Given the scale and the implications of the proposed changes it seems scarcely believable that these proposals have been brought forward for consultation with a short time scale during the holiday period. Many of these issues may well have been discussed by the Project Team but were not discussed with local GPs before suggesting that they should lead and implement the proposed service.

The document was developed by a project group that did not have any representation from local GPs. We cannot understand how the Trust would presume (or be fully able) to develop options that we (the local GPs) will be expected to support, implement, give future leadership to and hold clinical responsibility for without having had the opportunity to participate in the development process.

1. Many GPs were unaware of the publication of the document until the first hastily convened informal meeting at the Downe Hospital.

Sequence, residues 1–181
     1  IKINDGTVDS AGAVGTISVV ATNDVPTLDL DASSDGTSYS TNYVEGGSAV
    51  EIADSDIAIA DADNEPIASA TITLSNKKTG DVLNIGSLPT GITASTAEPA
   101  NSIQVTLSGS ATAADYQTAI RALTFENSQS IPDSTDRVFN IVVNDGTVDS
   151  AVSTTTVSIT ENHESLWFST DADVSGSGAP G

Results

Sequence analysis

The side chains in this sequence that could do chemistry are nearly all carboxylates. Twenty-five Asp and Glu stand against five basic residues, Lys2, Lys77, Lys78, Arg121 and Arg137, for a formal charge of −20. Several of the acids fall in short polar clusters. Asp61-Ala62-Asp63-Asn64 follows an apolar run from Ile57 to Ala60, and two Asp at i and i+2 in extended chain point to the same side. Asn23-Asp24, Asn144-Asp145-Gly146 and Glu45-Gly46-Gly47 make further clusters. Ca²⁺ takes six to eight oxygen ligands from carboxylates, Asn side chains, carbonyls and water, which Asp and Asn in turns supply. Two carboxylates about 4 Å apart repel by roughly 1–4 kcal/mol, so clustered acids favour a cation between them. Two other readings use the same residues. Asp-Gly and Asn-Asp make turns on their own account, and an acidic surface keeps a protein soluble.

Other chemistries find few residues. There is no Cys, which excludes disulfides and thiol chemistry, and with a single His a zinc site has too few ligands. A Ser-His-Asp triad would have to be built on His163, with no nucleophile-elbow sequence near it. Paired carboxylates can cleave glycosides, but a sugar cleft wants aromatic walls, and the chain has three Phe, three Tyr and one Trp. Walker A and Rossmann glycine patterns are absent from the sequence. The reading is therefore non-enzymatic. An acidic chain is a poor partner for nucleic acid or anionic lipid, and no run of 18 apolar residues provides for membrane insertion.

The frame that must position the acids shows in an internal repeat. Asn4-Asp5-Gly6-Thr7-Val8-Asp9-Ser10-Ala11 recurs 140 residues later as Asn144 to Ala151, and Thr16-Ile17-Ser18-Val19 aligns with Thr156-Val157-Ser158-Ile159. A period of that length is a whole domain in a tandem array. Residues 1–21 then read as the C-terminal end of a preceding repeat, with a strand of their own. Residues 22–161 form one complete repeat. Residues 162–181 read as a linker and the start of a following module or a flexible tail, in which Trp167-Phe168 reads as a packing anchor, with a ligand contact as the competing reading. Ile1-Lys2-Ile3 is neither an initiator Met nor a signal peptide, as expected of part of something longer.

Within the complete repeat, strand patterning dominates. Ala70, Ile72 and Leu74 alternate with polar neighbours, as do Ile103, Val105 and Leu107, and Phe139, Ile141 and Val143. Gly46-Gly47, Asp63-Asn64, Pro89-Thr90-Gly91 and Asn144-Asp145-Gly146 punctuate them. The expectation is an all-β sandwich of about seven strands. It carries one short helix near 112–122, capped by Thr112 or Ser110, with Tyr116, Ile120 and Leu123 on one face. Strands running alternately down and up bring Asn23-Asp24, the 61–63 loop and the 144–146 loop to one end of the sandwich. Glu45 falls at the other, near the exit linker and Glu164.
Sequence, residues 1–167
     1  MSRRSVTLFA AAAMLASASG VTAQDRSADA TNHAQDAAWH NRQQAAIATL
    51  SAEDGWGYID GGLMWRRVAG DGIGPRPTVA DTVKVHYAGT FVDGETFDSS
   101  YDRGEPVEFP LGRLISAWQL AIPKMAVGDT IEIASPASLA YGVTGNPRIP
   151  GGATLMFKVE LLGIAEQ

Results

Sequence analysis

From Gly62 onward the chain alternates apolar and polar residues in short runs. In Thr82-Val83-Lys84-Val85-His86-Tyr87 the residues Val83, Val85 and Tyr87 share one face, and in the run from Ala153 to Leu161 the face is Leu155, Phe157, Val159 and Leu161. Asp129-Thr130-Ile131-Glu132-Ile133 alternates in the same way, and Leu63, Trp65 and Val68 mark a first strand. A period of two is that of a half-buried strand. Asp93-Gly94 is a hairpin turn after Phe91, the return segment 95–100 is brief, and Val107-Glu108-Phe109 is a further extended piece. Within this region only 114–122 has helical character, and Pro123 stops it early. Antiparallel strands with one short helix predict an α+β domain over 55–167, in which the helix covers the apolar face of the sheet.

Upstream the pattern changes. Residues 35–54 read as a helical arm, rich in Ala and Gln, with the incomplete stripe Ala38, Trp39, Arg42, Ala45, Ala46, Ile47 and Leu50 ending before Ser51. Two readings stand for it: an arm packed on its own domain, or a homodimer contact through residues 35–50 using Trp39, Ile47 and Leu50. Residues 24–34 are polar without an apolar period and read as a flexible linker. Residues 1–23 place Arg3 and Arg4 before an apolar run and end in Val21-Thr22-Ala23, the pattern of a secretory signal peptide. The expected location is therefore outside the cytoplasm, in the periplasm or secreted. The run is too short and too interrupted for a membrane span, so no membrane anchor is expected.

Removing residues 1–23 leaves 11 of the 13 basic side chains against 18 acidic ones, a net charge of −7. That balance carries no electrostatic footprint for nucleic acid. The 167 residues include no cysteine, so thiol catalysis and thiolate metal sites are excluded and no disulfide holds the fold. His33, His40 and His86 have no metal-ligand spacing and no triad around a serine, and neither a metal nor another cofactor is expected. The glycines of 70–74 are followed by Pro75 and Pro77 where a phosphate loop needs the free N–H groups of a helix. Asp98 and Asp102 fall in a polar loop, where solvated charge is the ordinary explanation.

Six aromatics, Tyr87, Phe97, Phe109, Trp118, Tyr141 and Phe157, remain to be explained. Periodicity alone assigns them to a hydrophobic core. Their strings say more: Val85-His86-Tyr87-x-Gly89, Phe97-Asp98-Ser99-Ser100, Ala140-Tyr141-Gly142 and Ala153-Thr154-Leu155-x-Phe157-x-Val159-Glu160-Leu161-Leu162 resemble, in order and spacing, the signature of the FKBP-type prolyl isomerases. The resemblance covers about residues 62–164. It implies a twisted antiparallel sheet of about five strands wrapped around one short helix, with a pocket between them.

2. As a result of our exclusion from the development process we feel that all possible options have not been considered and that the necessary support and context for the preferred option (Option 4) has not been thought through omitting to consider important operational aspects such as the need for an extended Medical Assessment Unit/the need for processes to be put place for palliative care/the need for a system of ensuring timely confirmation of death.

3. The preferred option (Option 4) seems to rely on the inclusion of a number or team of GPswSI in Emergency Care in the Urgent Care Department. Although this is not explicit from the document as written there is detailed reference to the role of GPswSI and there is an appendix from the Royal Colleges detailing such a role – yet there is no specific mention of the use of such doctors in the preferred option. Our concern is that currently there is NOT a single such GPwSI trained/accredited in this area. To our knowledge no local GPs have been approached to discuss whether there is an interest in development of such a service and no mention of the training, recruitment or maintenance of such a service is made in the proposal.